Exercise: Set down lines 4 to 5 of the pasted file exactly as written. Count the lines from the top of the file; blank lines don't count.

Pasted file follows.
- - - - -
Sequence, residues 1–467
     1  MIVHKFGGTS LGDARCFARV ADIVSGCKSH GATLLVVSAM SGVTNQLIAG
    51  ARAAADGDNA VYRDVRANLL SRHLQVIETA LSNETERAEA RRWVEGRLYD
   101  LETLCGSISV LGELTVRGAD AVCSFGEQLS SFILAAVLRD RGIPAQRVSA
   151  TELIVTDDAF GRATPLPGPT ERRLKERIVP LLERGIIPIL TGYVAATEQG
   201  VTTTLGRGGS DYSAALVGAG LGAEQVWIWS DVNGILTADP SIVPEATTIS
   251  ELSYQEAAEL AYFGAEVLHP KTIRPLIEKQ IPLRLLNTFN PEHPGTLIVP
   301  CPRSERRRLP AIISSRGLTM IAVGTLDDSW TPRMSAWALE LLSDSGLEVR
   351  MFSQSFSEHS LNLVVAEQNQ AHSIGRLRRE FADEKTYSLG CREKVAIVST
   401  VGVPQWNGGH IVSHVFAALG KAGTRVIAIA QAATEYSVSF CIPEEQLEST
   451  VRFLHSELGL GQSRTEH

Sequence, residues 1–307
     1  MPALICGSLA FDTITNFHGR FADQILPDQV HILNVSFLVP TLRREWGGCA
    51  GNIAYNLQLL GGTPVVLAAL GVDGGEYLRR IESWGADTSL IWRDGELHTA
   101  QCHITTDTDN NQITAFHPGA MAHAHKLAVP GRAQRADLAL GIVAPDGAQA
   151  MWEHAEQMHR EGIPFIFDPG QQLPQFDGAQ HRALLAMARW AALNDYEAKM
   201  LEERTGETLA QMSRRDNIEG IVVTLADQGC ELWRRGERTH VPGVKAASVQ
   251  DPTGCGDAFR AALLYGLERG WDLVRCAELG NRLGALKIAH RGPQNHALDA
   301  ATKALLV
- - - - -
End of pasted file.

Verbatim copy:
   101  LETLCGSISV LGELTVRGAD AVCSFGEQLS SFILAAVLRD RGIPAQRVSA
   151  TELIVTDDAF GRATPLPGPT ERRLKERIVP LLERGIIPIL TGYVAATEQG